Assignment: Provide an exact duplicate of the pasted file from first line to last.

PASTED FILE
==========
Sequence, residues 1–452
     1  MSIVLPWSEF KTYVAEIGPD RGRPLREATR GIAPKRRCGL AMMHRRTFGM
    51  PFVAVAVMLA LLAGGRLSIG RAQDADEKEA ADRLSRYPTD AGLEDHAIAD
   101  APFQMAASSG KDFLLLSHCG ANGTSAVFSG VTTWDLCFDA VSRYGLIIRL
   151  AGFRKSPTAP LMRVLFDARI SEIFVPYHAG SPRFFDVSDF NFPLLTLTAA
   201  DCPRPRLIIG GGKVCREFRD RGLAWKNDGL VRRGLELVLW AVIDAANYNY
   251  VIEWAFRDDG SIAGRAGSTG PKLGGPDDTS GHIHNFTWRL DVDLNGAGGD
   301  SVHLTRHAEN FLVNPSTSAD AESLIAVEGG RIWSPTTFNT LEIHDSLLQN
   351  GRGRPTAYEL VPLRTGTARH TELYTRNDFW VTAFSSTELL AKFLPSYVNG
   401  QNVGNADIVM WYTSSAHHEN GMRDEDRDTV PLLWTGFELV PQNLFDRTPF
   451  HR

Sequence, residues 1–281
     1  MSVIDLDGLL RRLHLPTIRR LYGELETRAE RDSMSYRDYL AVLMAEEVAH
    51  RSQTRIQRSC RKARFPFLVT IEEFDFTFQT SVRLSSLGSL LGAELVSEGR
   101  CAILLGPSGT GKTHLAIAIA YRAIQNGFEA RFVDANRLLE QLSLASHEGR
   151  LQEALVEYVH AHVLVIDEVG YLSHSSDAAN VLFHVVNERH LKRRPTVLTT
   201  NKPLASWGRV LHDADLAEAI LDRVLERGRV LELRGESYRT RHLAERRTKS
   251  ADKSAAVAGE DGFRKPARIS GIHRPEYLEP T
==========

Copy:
Sequence, residues 1–452
     1  MSIVLPWSEF KTYVAEIGPD RGRPLREATR GIAPKRRCGL AMMHRRTFGM
    51  PFVAVAVMLA LLAGGRLSIG RAQDADEKEA ADRLSRYPTD AGLEDHAIAD
   101  APFQMAASSG KDFLLLSHCG ANGTSAVFSG VTTWDLCFDA VSRYGLIIRL
   151  AGFRKSPTAP LMRVLFDARI SEIFVPYHAG SPRFFDVSDF NFPLLTLTAA
   201  DCPRPRLIIG GGKVCREFRD RGLAWKNDGL VRRGLELVLW AVIDAANYNY
   251  VIEWAFRDDG SIAGRAGSTG PKLGGPDDTS GHIHNFTWRL DVDLNGAGGD
   301  SVHLTRHAEN FLVNPSTSAD AESLIAVEGG RIWSPTTFNT LEIHDSLLQN
   351  GRGRPTAYEL VPLRTGTARH TELYTRNDFW VTAFSSTELL AKFLPSYVNG
   401  QNVGNADIVM WYTSSAHHEN GMRDEDRDTV PLLWTGFELV PQNLFDRTPF
   451  HR

Sequence, residues 1–281
     1  MSVIDLDGLL RRLHLPTIRR LYGELETRAE RDSMSYRDYL AVLMAEEVAH
    51  RSQTRIQRSC RKARFPFLVT IEEFDFTFQT SVRLSSLGSL LGAELVSEGR
   101  CAILLGPSGT GKTHLAIAIA YRAIQNGFEA RFVDANRLLE QLSLASHEGR
   151  LQEALVEYVH AHVLVIDEVG YLSHSSDAAN VLFHVVNERH LKRRPTVLTT
   201  NKPLASWGRV LHDADLAEAI LDRVLERGRV LELRGESYRT RHLAERRTKS
   251  ADKSAAVAGE DGFRKPARIS GIHRPEYLEP T